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C 147 E/34 Official Journal of the European Communities EN 20.6.

2002

requirements when visiting other EU states (e.g. Indian nationals living in the UK who wish to travel to
France to visit their MEPs)? If so, and if the Council believes that it is appropriate for non-EU nationals to
vote in European elections, does the Council believe that this is an anomaly which should be addressed?

Reply

(1 March 2002)

With regard to voting rights, the Council would draw the attention of the Honourable Member to the Act
concerning the election of the representatives of the European Parliament by direct universal suffrage,
annexed to the Council Decision of 20 September 1976. Article 7 of the Act of 1976 contains the
following provision: ‘Pending the entry into force of a uniform electoral procedure and subject to the other
provisions of this Act, the electoral procedure shall be governed in each Member State by its national
provisions.’

As regards citizens of non-EU countries, Community law does not prevent a Member State from deciding
to grant such citizens resident in that Member State the right to vote in elections. It is not for the Council
to take a position on provisions that fall within the competence of Member States.

With regard to the visa situation, the Council can but remind the Honourable Member of the legal
situation under the terms of the Treaty. The establishment of a list of countries whose citizens are required
to be in possession of a visa when crossing the border of a Member State and of those whose citizens are
exempted from such requirement is provided for by Article 62 point 2b)i) of the Treaty establishing the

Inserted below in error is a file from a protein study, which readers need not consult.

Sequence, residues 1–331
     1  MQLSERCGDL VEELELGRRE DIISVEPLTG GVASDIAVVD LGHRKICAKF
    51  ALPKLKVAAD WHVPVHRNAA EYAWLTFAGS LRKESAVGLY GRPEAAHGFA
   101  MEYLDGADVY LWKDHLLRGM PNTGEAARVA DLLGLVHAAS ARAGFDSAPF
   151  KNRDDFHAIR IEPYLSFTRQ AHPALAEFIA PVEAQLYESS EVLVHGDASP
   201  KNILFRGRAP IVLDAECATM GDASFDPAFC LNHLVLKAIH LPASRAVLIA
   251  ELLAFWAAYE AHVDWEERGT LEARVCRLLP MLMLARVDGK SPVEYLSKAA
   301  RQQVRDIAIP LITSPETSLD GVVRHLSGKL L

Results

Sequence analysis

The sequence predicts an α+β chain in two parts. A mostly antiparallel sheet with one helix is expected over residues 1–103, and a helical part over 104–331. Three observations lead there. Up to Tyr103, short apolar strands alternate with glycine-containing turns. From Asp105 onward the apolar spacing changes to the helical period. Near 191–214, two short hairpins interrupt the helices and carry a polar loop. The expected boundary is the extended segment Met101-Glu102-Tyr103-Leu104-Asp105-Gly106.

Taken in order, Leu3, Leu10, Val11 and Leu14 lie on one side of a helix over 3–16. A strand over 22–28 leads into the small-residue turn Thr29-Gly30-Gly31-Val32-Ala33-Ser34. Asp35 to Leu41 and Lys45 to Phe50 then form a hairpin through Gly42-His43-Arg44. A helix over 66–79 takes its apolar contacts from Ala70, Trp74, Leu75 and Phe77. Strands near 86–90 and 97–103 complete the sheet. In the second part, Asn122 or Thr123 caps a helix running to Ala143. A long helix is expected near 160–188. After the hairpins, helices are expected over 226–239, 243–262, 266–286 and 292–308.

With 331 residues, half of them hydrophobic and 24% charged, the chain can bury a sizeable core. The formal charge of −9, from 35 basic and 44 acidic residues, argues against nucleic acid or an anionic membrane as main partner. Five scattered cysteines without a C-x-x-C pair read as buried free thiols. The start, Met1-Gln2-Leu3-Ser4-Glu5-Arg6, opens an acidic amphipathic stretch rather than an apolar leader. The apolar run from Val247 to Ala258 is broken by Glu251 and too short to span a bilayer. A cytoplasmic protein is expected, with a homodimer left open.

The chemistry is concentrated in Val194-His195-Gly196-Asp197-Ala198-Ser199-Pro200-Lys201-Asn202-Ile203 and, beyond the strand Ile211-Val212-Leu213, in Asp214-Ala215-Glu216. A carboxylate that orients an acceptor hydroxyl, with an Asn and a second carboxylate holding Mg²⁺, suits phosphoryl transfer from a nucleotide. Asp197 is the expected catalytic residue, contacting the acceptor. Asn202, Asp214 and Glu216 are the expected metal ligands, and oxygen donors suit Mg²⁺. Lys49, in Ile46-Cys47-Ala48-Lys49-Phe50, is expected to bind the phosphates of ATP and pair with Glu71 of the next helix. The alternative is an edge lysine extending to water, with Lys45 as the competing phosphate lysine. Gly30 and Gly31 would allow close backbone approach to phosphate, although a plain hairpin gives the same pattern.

European Community. That list is contained in Regulation 539/2001 adopted by the Council in March this
year. India is one of the countries whose citizens do need to be in possession of a visa when crossing the
border of the Member States concerned by Regulation 539/2001.

Under the terms of the protocol on the position of the United Kingdom and Ireland annexed to the Treaty
establishing the European Community and to the Treaty on European Union, those two Member States
shall not participate in the adoption by the Council of measures falling under title IV of the EC Treaty
unless they notify, within three months of a proposal being presented to the Council, that they wish to
take part in the adoption of any such proposed measure. In the case of Regulation 539/2001, the United
Kingdom (like Ireland) did not notify a wish to take part in the adoption of the regulation. Thus Indian and
some other Commonwealth citizens are required to be in possession of a visa when entering the territory
of the Schengen States, while the United Kingdom and Ireland remain free to determine their own visa
regime in respect of such persons.

(2002/C 147 E/032) WRITTEN QUESTION E-2651/01


by Frank Vanhecke (NI) to the Commission

(1 October 2001)

Subject: European arrest warrant

For some time, there has been much speculation within the European Union concerning the introduction
of a European arrest warrant. The recent attacks in the United States and the possible involvement of
accomplices residing within the EU > particularly in Hamburg > make this very topical.

However, at present there is no European criminal law on which the introduction of a European arrest
warrant could be based.

On what European legal basis could such an arrest warrant be introduced?